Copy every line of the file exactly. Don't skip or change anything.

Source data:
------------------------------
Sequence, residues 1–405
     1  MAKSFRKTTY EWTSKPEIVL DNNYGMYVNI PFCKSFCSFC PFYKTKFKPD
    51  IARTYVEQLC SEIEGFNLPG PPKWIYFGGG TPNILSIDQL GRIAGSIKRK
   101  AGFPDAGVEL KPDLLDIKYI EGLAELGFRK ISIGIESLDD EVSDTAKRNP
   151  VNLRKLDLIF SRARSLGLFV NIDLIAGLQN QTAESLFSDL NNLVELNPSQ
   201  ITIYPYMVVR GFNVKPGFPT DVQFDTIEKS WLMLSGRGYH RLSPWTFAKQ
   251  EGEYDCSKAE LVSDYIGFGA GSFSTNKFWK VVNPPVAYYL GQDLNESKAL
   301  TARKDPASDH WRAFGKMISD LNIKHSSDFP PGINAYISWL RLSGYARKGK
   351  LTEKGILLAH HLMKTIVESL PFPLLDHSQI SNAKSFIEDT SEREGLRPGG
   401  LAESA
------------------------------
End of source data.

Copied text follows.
Sequence, residues 1–405
     1  MAKSFRKTTY EWTSKPEIVL DNNYGMYVNI PFCKSFCSFC PFYKTKFKPD
    51  IARTYVEQLC SEIEGFNLPG PPKWIYFGGG TPNILSIDQL GRIAGSIKRK
   101  AGFPDAGVEL KPDLLDIKYI EGLAELGFRK ISIGIESLDD EVSDTAKRNP
   151  VNLRKLDLIF SRARSLGLFV NIDLIAGLQN QTAESLFSDL NNLVELNPSQ
   201  ITIYPYMVVR GFNVKPGFPT DVQFDTIEKS WLMLSGRGYH RLSPWTFAKQ
   251  EGEYDCSKAE LVSDYIGFGA GSFSTNKFWK VVNPPVAYYL GQDLNESKAL
   301  TARKDPASDH WRAFGKMISD LNIKHSSDFP PGINAYISWL RLSGYARKGK
   351  LTEKGILLAH HLMKTIVESL PFPLLDHSQI SNAKSFIEDT SEREGLRPGG
   401  LAESA